07 Apr Best Retina Specialist Part II | Patient Advocacy
This part 2 of this article. Here’s the first part of “Best Retina Specialist.”
I Don’t Know the “Best Retina Specialist”
Even in my locale of Fairfax, Virginia, I would find it difficult to truly rate my peers as retina specialists. I suppose that if I were to become a patient with retina problems, I might be able to better choose. It’s the only way I could objectively evaluate, first hand, each of my retina peers.
For now, I can only secondarily evaluate the “best retina specialist” by evaluating the occasional patient we might share or discuss. In addition, I have seen very few of my local retina specialists actually perform surgery – another barrier to finding the “best retina specialist.”
I can only rely on word-of-mouth from my colleagues in the health professions and occasional patients. I don’t have any primary contact with most of my colleagues with regard to patient care.
Even U.S. News and World report is heavily subjective. Finding the best doctors relies on evaluations by our “peers.”
I suppose if we all practiced together under the same roof and at the same time….
It may be difficult, if not impossible to find the best “retina specialist.” The selection is heavily biased based upon subjective evaluations each step of the way.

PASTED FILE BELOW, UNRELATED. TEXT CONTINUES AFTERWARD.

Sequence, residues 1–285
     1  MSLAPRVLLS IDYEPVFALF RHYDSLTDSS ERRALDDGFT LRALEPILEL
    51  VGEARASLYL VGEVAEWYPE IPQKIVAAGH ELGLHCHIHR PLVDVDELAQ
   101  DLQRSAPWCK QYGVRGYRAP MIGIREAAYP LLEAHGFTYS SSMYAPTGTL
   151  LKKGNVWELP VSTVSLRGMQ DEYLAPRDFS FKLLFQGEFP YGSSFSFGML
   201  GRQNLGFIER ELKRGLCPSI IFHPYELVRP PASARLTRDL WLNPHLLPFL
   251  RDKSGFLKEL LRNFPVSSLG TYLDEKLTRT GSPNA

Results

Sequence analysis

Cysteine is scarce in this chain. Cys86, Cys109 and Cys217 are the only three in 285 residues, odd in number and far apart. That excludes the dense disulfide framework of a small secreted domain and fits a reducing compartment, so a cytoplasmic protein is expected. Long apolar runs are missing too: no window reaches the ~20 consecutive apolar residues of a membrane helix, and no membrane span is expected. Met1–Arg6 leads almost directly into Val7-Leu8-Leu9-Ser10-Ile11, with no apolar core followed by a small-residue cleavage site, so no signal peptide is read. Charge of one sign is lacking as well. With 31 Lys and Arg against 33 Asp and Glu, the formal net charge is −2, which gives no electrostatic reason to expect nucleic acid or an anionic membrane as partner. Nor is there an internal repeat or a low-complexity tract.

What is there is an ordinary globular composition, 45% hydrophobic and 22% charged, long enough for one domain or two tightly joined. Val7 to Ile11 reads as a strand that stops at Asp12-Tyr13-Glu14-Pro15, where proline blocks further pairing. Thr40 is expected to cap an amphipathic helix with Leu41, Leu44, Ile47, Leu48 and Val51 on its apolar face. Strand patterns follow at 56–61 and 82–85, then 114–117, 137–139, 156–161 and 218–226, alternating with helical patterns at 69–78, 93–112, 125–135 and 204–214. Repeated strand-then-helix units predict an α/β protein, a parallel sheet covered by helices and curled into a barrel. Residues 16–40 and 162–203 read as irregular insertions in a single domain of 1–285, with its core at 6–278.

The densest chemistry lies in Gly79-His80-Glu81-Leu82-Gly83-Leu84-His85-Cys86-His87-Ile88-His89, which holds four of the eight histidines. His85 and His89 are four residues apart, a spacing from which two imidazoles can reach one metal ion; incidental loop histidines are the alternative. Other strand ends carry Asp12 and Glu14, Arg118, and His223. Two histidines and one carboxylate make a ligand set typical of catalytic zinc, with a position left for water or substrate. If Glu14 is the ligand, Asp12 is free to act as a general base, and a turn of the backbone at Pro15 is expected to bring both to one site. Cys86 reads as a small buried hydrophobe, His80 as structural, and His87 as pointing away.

There is no objective evaluation – such as winning a race to establish the world’s fastest human or the Superbowl (as a side note – I’ve always wondered whether pitting one surgical team vs. another had any merit or ethical ramifications – a sort of reality show to find the best/fastest surgical team.)
For you, our patients, there is no relevance to the entire process of becoming a retina specialist. Therefore, you can’t really judge us by our training.
Relevance – or ability to relate to one another – is really the basis for defining the “best” of anything. The “best” means different things to all of us.
What Does this Mean?
As I teach about social media to my medical colleagues, I often emphasize that what we deem as “best” is based upon criteria which are RELEVANT to ourselves.
This is why what is “best” for someone may not be the “best” to others. One retina specialist with a great bedside manner may fail compared to another who performs long, lengthy exams.
Perhaps that’s why there are more than one “best” retina specialist.
In the end, the “best retina specialist” has to meet some cursory criteria, but you are left with finding the doctor who can relate to you, build trust and communicate with you.
Most retinal diseases are not intuitive, that is, they are difficult to understand. Therefore, to me, the best retina specialist is one with whom you can bond, and trust, when making decision about retinal diseases.